While Jacob’s music transcends any generation divide, I do want to point out from what I could see; the crowd was 80%, young people. Young people who happily parted with their money to listen to Jacob’s and Joy’s FAULTless voices. Two days later and the whole performance still echoes in my mind, and I’m sure the same goes for everyone there – “real” vocalists still exist, and not in the dark corners of dilapidated blues houses! They’re selling out large venues in London to New Orleans and if anyone tells you that “real musicians” don’t exist in modern music, tell them that on the contrary, they’re just not looking in the right places.

FAULT Magazine Meets Sorcha Richardson



Dublin born, Brooklyn based singer/songwriter Sorcha Richardson first hit our Radar back in 2015 with the release of her critically acclaimed ‘Petrol Station’ and we’ve been hooked ever since. With the release of track ‘Waking Life’ and about to embark on tour with Imelda May, we caught up with Sorcha to find out more about her career, music, life, future and of course, FAULTs.

You’re about to set off on tour with Imelda May, excited?

I can’t wait!  Rehearsals have been so much fun. I’m excited to travel with the guys in my band. I’ve played in Cork a handful of times but it will be my first time playing the rest of the cities. And the venues are incredible. Some of the nicest in Ireland. I can’t wait to see Imelda’s show too.

Do you find your songs take on new meaning and experiences when you perform them live to a crowd?

Yeah there’s a few in the set that feel extra special to play live.  Waking Life is one.  I wrote it when I was feeling a bit dissatisfied with life and so it feels very triumphant to play it to a room full of people.   There’s another song in the set that isn’t out yet, which I wrote about leaving Dublin for New York and the consequences of that decision on my relationships with the people I left behind here.  That’s a special song to me anyway but it has an added weight when I perform it in Ireland.

You’ve been performing for many years now, what’s been your toughest hurdle to climb in your progression as an artist?

I used to have such bad stage fright and I really didn’t enjoy performing because of it. All throughout school I played the drums in bands and never ever thought of myself as a singer.  So when I moved to New York and decided I wanted to sing these songs I’d been writing, I felt so vulnerable to be at the front of the stage with a microphone rather than at the back behind a drum kit. It took a lot of really bad gigs to get over that fear. And it still comes back every now and then, usually if I haven’t played a show in a while. But now I really love performing, especially the full band shows. They kind of just feel like a party.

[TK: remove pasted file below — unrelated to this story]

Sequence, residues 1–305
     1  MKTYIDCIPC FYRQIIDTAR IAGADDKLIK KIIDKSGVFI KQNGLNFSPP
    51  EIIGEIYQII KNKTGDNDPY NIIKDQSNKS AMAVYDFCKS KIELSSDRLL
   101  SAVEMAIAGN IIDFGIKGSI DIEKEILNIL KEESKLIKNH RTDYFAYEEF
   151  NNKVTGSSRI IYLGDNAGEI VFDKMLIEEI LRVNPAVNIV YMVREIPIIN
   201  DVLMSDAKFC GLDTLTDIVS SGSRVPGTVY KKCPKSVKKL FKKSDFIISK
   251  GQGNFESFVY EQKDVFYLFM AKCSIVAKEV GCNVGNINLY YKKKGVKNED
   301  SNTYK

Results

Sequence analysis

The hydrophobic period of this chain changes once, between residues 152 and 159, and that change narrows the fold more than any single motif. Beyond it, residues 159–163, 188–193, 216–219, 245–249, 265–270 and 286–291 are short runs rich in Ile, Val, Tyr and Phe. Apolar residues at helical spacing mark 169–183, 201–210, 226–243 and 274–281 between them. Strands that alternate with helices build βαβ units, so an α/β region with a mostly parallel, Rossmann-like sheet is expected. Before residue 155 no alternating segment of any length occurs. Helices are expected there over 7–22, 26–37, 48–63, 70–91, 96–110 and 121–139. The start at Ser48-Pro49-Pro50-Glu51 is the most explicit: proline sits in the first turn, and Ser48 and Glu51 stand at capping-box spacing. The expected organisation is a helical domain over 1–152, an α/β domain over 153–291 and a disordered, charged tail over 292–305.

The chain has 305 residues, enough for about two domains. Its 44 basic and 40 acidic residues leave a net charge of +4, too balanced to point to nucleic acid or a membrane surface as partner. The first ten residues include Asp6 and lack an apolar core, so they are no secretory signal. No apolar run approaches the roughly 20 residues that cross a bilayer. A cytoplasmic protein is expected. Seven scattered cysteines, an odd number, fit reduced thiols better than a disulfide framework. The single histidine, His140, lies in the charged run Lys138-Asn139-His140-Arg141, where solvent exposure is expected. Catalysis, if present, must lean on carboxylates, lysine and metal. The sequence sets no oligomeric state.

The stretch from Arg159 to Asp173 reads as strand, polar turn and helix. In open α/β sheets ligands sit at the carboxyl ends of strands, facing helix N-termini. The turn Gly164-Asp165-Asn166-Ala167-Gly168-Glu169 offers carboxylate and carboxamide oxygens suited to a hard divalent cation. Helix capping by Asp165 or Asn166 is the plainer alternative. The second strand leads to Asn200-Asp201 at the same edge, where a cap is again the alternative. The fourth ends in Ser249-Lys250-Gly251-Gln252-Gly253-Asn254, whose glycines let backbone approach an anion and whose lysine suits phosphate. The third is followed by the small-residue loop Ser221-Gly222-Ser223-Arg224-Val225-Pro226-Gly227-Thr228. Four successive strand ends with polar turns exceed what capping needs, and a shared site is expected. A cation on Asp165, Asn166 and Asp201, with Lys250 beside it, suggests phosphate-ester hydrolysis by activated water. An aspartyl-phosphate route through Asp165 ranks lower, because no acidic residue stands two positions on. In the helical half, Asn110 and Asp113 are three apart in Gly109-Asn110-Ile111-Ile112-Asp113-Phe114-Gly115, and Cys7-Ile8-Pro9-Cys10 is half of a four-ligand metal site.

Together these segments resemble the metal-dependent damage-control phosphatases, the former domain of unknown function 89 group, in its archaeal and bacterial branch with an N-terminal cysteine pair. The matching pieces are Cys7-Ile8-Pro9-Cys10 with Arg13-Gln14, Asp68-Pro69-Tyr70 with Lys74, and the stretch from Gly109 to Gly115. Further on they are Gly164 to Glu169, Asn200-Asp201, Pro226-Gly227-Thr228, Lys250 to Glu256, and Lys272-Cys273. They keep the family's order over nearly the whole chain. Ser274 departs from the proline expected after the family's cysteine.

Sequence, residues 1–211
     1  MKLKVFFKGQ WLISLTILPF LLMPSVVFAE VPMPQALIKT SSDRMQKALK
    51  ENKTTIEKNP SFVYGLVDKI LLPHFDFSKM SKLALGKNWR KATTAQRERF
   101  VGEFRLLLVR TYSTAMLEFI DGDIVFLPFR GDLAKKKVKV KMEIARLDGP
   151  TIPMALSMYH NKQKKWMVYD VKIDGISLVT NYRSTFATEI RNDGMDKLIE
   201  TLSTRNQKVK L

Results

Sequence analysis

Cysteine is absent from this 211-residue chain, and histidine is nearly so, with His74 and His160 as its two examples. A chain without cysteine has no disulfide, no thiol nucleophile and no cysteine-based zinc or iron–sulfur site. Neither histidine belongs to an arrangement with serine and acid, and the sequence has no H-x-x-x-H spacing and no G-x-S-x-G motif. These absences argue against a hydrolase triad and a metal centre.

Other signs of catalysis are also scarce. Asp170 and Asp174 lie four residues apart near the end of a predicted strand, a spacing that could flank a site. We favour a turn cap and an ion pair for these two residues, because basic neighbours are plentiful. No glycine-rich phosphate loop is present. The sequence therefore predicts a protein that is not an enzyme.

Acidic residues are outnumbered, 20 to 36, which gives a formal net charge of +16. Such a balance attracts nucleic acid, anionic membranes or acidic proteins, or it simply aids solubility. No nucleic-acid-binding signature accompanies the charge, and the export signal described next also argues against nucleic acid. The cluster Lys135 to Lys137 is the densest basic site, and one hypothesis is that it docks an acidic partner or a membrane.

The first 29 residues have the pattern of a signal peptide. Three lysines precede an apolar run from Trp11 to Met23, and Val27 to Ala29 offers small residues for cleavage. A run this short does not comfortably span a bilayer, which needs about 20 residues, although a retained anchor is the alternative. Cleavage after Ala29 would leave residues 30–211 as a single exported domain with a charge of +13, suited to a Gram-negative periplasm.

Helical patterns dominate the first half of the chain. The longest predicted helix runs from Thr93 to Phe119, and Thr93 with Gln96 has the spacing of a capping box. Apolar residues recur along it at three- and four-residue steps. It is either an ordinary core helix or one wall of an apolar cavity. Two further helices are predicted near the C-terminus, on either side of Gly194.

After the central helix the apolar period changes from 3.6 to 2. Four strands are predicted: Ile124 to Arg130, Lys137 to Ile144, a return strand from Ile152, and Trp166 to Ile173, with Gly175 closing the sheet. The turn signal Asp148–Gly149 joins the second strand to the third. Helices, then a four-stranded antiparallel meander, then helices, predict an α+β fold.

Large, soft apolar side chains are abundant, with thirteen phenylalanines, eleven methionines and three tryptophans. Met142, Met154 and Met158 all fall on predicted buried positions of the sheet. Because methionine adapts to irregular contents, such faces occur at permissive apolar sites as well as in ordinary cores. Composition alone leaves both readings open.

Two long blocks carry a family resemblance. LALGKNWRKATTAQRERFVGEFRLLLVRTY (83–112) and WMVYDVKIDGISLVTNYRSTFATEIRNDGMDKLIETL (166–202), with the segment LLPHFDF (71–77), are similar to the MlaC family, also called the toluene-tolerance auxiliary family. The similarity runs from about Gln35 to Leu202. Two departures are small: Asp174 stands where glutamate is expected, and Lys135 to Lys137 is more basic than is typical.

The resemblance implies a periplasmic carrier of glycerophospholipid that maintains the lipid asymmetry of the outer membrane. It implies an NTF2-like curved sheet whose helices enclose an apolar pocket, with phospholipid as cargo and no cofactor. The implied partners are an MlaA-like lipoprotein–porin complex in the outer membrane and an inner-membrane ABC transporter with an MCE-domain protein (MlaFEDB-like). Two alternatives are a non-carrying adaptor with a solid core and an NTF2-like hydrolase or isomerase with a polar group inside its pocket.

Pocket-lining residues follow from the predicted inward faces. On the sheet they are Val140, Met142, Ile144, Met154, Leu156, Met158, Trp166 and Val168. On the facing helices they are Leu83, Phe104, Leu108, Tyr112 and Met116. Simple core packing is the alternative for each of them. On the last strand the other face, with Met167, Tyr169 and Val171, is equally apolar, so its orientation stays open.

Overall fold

Waking Life touches on hope, dreams and the realism of “life isn’t always how we planned it” and lyrically it’s very cinematic “flowers dying in the kitchen” “wrapped your fingers around my bleeding heart like branches overgrow” – would you say the visual aspect of lyricism enters your mind much when you song write?

100%. Writing songs is so visual for me  It’s almost like I’m watching a moving in my head as I write.  Sometimes I’m trying to capture that visual and translate it into words. Other times I’ll know that a lyric feels right because of how vividly I can see it in my head.  Even when I write about very concrete memories, it’s like they take on an altered, distorted shape in my brain.  Like a reimagined version of events that’s almost as vivid as the real thing.

Is it hard to find inspiration when you’ve got such a unique artistry or do you just find it in places outside of simply the realm of music? 

Sometimes I just don’t feel that creative. But there’s lots of things outside of music that inspire me – a lot films, books, photography. I like reading and watching interviews with musicians or writers, even if they’re not talking about music. It’s just fascinating to me to hear different people’s turns of phrases.  There’s times when I’ll be on the train and overhear a snippet of a stranger’s conversation and that finds its way into a song.

You’re Irish born but you’ve lived in NYC for a while now, do you still feel a close connection to Dublin as home, see NYC as home or neither and feel slightly displaced in both?

Dublin will always be home.  Even spending these last few months here has been amazing cause I’ve been able to have a bit of a routine that feels like normal life rather than coming home for a 2 week holiday.   New York feels very much like home too but I don’t feel anchored to New York in the way that I do with Dublin.  It’s always felt like a very transient place to me.  People come and go a lot. It sometimes just feels like everybody’s passing through.